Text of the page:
SHILLONG: The government as yet gain come to the rescue of the Meghalaya Power Distribution Corporation Limited (MePDCL) and the Meghalaya Energy Corporation Limited (MeECL).
In a significant move to address long-standing power dues, the cabinet has approved the payment of Rs 565 crore to the National Thermal Power Corporation (NTPC) in 20 instalments. The decision came after extensive negotiations led by the state Power Minister, AT Mondal.
The rising power dues, which once amounted to Rs 665 crore, threatened to create a significant financial burden for the MePDCL and MeECL. This deal means that NTPC has agreed to waive off over Rs 100 crore, with the added possibility of a reduced interest rate.
“If allowed to continue, the dues would soon cross Rs 1,000 crore,” Mondal told the press. He further added, “After rounds of negotiations, NTPC agreed to settle for Rs 565 crore instead of the accrued Rs 664 or 665 crore.”
However, the financial health of MeECL remains precarious. “Given the circumstances, the state government has decided to take the responsibility of settling the Rs 565 crore with NTPC,” Mondal noted.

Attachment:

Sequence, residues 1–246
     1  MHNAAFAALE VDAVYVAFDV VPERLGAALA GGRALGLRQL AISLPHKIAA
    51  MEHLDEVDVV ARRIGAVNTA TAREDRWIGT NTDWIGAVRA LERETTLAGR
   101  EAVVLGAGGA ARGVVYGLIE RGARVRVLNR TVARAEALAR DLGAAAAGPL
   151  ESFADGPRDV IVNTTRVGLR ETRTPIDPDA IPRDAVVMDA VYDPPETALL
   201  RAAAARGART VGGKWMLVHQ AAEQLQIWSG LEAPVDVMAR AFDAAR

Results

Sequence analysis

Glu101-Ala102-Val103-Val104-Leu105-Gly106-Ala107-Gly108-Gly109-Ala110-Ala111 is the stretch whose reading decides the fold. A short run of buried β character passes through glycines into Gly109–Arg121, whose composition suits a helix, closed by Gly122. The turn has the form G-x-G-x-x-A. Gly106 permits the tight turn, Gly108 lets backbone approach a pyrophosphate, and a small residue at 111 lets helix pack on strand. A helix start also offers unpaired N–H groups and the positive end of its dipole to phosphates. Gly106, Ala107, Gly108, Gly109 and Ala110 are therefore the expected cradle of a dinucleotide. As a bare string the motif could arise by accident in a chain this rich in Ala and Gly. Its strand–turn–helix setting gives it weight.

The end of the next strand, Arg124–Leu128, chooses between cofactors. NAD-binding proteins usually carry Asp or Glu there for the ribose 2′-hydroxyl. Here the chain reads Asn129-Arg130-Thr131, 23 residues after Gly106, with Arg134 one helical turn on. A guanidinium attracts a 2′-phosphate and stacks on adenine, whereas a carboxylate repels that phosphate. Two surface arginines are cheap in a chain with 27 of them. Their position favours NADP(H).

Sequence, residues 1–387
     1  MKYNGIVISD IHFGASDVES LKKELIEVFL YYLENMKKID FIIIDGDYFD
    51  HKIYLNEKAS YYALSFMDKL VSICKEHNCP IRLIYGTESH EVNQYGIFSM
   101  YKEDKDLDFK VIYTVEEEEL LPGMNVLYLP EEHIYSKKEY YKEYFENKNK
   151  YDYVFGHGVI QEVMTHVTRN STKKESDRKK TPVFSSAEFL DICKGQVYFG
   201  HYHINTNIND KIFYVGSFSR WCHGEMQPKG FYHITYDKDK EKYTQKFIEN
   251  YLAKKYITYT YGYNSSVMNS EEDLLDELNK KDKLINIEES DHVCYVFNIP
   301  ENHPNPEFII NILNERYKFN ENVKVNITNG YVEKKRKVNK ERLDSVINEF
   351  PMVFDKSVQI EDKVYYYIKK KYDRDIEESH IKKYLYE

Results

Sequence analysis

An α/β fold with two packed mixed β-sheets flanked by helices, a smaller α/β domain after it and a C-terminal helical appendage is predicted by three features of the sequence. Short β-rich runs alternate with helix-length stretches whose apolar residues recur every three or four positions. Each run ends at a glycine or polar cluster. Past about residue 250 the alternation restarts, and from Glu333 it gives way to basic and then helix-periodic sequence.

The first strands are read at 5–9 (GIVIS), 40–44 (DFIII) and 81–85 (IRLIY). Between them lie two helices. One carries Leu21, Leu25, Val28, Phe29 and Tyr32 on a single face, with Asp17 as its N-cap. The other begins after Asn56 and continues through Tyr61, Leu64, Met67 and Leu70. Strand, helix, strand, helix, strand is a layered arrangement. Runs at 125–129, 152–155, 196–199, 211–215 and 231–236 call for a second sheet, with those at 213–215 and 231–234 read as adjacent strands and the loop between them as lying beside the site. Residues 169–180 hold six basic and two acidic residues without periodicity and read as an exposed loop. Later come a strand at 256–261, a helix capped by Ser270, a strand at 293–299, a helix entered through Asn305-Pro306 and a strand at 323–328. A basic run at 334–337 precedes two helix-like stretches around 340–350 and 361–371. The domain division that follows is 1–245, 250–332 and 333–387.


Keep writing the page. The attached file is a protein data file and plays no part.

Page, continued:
The power minister also highlighted the state’s commitment to ongoing negotiations with NTPC. “We’re still in discussions, and NTPC is open to further adjustments concerning the 20 instalments. We’re seeking more flexibility to ensure our instalment burden is eased,” Mondal stated.
Notably, the government previously utilised the Atmanirbhar loan, managing to clear 50% of the power dues amounting to Rs 488 crore. “We initially paid Rs 244 crore. However, the remaining Rs 244 crore inflated to Rs 665 crore. Without intervention, these dues would continue to escalate, pushing us towards a financial crisis,” Mondal emphasized.
The root of these escalating dues can be traced back to an agreement the state government inked with NTPC in 2007. The agreement entailed fixed charges that the state found burdensome. Despite approaching NTPC for a reduction and even seeking legal redress, the state found no relief. “We pursued legal avenues, but the court upheld the 2007 agreement,” Mondal remarked.
As the state grapples with its power dues, this recent decision by the cabinet marks a significant step forward in settling its financial obligations while ensuring that the lights stay on in Meghalaya.